• Home
  • /
  • Space
  • /
  • Eta Aquarids Meteor Shower Set to Dazzle Skywatchers

Eta Aquarids Meteor Shower Set to Dazzle Skywatchers

A lovely enhanced photograph caught during a meteor shower. You will have this chance tonight during the meteor shower astronomical event of November. Credit: Shutterstock

Get ready to witness a breathtaking spectacle in the night sky! The Eta Aquarids meteor shower, one of the most highly anticipated astronomical events of the year, is about to reach its peak on May 5. This year's shower is predicted to be even more stunning than usual, with up to 160 meteors per hour streaking across the sky in a dazzling display. Though the brightness of the full moon may obscure some of the fainter meteors, the Eta Aquarids are still expected to put on an awe-inspiring show for skywatchers all around the world.

Eta Aquarids Meteor Shower: Get Ready for a Celestial Show

The Eta Aquarids meteor shower, active in April and May, will reach its peak in the predawn hours of May 5. This year’s event promises to be particularly impressive, with NASA forecasting 120-160 meteors per hour. Despite the full moon’s brightness washing out weaker meteors, the Eta Aquarids remain one of the most intense meteor showers.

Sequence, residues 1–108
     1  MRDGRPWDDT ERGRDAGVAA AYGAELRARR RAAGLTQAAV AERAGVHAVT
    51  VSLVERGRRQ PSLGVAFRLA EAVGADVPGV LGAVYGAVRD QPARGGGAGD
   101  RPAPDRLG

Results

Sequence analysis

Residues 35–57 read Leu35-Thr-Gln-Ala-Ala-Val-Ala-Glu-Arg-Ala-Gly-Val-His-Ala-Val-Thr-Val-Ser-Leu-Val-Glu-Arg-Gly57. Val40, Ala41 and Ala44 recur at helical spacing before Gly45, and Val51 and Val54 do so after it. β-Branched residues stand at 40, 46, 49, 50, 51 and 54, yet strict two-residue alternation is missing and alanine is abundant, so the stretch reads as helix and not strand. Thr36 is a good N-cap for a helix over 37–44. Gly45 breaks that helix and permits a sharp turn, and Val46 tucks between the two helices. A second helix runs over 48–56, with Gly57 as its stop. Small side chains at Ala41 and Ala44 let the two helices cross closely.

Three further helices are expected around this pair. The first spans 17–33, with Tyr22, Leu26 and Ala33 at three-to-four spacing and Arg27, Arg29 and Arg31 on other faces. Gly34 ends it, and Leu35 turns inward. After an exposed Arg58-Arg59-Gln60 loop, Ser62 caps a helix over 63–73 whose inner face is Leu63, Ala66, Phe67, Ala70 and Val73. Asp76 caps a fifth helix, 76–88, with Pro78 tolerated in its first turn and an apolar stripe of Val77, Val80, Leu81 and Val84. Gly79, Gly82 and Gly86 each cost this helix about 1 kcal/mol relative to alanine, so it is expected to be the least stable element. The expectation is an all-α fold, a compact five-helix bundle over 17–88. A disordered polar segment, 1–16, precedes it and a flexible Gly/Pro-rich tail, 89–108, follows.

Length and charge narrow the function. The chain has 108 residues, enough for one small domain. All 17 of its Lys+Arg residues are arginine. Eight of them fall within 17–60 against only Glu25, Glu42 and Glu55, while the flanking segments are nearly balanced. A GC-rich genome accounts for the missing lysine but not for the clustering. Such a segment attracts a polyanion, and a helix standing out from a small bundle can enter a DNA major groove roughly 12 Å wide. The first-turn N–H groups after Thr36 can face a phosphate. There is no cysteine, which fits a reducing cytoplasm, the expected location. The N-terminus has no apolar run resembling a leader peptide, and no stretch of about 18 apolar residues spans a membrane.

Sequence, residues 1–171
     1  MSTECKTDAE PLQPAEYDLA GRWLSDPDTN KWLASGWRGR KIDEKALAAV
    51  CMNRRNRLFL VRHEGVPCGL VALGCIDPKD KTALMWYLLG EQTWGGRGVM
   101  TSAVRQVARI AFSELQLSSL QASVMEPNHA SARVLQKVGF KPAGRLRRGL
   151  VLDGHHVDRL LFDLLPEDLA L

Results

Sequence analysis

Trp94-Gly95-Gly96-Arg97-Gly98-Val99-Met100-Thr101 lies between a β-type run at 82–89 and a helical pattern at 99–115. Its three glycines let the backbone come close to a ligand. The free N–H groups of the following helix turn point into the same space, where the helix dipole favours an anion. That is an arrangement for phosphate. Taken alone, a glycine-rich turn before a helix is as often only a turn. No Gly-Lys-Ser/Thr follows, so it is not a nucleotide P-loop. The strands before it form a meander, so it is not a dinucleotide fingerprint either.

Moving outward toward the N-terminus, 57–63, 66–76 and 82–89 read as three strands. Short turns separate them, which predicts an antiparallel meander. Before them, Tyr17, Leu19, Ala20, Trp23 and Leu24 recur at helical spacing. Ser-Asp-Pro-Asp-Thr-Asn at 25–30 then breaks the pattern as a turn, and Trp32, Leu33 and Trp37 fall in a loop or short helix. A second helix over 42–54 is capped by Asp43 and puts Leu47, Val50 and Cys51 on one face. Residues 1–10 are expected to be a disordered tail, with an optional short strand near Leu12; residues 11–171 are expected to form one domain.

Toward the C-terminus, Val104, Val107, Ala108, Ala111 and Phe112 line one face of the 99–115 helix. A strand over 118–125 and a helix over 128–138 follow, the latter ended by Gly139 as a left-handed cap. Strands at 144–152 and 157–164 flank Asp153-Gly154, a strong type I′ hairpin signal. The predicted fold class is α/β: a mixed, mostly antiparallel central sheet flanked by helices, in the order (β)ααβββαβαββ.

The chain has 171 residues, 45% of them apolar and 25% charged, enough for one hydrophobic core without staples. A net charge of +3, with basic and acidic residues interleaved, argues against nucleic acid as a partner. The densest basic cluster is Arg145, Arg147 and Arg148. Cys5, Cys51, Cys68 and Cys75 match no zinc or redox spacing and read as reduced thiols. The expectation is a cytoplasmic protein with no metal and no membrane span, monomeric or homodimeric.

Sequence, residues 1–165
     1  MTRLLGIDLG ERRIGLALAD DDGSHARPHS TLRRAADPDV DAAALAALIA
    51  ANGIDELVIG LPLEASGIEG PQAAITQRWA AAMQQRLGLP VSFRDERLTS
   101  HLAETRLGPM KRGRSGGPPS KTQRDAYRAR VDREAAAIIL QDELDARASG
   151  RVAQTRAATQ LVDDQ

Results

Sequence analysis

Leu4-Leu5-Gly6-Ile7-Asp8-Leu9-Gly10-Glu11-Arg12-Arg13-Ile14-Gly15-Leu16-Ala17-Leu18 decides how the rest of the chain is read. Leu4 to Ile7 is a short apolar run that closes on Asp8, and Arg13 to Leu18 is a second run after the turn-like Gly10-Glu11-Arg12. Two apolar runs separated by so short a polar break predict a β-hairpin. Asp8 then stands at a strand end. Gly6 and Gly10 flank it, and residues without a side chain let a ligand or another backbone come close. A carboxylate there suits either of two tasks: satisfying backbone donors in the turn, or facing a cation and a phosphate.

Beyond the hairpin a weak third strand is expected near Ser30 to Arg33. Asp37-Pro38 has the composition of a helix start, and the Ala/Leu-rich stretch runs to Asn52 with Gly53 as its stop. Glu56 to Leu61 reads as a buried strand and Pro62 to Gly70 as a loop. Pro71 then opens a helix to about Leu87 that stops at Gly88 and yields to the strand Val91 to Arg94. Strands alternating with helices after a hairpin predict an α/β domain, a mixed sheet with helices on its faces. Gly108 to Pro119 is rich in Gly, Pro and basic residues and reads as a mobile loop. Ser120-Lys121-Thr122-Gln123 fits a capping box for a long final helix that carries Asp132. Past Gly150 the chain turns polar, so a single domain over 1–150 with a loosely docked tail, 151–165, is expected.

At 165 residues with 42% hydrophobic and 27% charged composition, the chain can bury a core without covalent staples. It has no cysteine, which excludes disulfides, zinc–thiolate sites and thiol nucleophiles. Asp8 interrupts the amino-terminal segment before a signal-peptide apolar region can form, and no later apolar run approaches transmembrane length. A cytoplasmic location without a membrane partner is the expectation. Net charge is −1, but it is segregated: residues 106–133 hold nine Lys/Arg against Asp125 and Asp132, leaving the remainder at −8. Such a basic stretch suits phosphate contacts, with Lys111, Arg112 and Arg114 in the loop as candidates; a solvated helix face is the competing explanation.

Fireballs Light Up the Sky

Ranked sixth among meteor showers in fireball production by NASA camera data, these bright fireballs result from Earth passing through debris from Halley’s Comet, much of it over 3,000 years old. Traveling at 238,000 kilometers per hour, these fireballs leave behind glowing “trains” lasting several seconds to minutes.

Visible Across the Globe

Both the Northern and Southern Hemispheres can witness the Eta Aquarids, but the Southern Hemisphere enjoys higher visibility rates due to the radiant’s location in the Aquarius constellation. Meteors become visible after midnight, peaking between 3-4 a.m. until sunrise. For optimal observation, choose an area free of light pollution.

Halley’s Comet

Halley’s Comet, a well-known celestial object, orbits the Sun once every 75-76 years. As the most famous short-period comet, it last appeared in 1986 and will return in 2061. Named after astronomer Edmond Halley, the comet’s sightings date back to ancient civilizations. Composed mainly of water, dust, and rocky particles, Halley’s Comet creates spectacular meteor showers like the Eta Aquarids and Orionids as Earth passes through its debris trail.

Have something to add? Visit Curiosmos on Facebook. Join the discussion in our mobile Telegram group.